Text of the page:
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Auris Nasus Larynx. 2011 Jun;38(3):307-11. doi: 10.1016/j.anl.2010.10.005. Epub 2011 Jan 11.

Subjective visual vertical before and after treatment of a BPPV episode.

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Department of Medical-Surgical Specialization, Otolaryngology and Cervicofacial Surgery Division, University of Perugia, Via Delle Danaidi 21, Perugia, Italy.



The study analyses the behavior of subjective visual vertical (SVV) in benign paroxysmal positional vertigo (BPPV) before and after treatment, and offers a clinical-pathogenic interpretation.


We studied 30 consecutive patients with BPPV of the posterior semicircular canal treated with the Epley repositioning maneuver. SVV was determined at three different stages: at the time of diagnosis (1st test), after the repositioning maneuver (2nd test), and then 7 days after the resolution of the clinical picture (3rd test). The main study parameter was represented by the mean of 6 consecutive measurements (SVV(0)) for each patient. SVV was also examined in 20 healthy subjects, who represented the control group. The comparison between mean values and standard deviations showed a statistical significance of p<0.05.


During the first test, the degree of deviation of SVV was significantly higher in the patient group than in the control group. Tilting towards the affected side was observed in all cases. The 2nd test showed an inversion in the orientation of SVV in 16 patients, and as a result of the Epley maneuver there was a statistically significant variation in SVV(0) values in 20 patients with respect to the previous test (2nd test vs. 1st test). This involved 87% (23 patients) of those who then had a negative Dix-Hallpike test, and none of the ones in whom paroxysmal positional nystagmus persisted. Lastly, no differences emerged in the behavior of the patient group vs. the control group during the third test.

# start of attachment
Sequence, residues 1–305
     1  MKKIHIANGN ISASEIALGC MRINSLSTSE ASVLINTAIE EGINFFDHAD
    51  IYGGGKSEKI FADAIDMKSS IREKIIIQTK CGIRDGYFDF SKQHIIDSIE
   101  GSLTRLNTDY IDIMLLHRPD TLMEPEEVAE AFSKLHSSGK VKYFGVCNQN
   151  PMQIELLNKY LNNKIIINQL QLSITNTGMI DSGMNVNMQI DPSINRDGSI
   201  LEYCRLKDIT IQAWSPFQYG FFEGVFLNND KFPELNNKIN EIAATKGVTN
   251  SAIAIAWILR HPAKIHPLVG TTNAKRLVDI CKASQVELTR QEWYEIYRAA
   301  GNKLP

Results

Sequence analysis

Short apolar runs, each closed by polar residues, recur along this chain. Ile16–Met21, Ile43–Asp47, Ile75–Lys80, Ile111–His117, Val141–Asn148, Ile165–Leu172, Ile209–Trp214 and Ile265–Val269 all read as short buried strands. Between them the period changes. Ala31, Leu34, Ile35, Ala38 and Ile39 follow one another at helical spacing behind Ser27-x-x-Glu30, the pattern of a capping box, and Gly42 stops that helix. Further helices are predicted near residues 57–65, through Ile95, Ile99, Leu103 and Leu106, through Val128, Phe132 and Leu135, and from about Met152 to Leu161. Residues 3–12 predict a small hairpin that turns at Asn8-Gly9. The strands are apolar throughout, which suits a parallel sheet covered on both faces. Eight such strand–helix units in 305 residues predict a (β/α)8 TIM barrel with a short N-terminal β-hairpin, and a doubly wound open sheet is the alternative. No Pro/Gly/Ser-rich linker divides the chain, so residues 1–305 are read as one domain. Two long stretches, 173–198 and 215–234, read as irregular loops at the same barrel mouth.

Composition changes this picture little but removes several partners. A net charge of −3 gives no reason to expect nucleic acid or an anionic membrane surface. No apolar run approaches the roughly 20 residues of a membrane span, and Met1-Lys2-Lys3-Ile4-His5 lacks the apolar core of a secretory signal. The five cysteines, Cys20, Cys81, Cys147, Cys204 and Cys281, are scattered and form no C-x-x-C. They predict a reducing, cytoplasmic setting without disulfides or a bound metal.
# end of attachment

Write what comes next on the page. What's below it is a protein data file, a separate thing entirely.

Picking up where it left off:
SVV is often altered during active BPPV. The degree of otolithic dysfunction is never high and, in all cases, it is brief in duration. Tilting towards the dysfunctional side is essentially a constant in untreated BPPV. This could be due to a substantial loss of otoconia, with a decrease in the density and specific weight of the macula, and thus hypofunction of the receptor. The observation of a significant variation in SVV after therapeutic maneuvers has a favorable predictive value, as it probably reflects the migration of otoliths to the utricle, where saturation mechanisms can often have irritative effects leading to the inversion of SVV.

[Indexed for MEDLINE]

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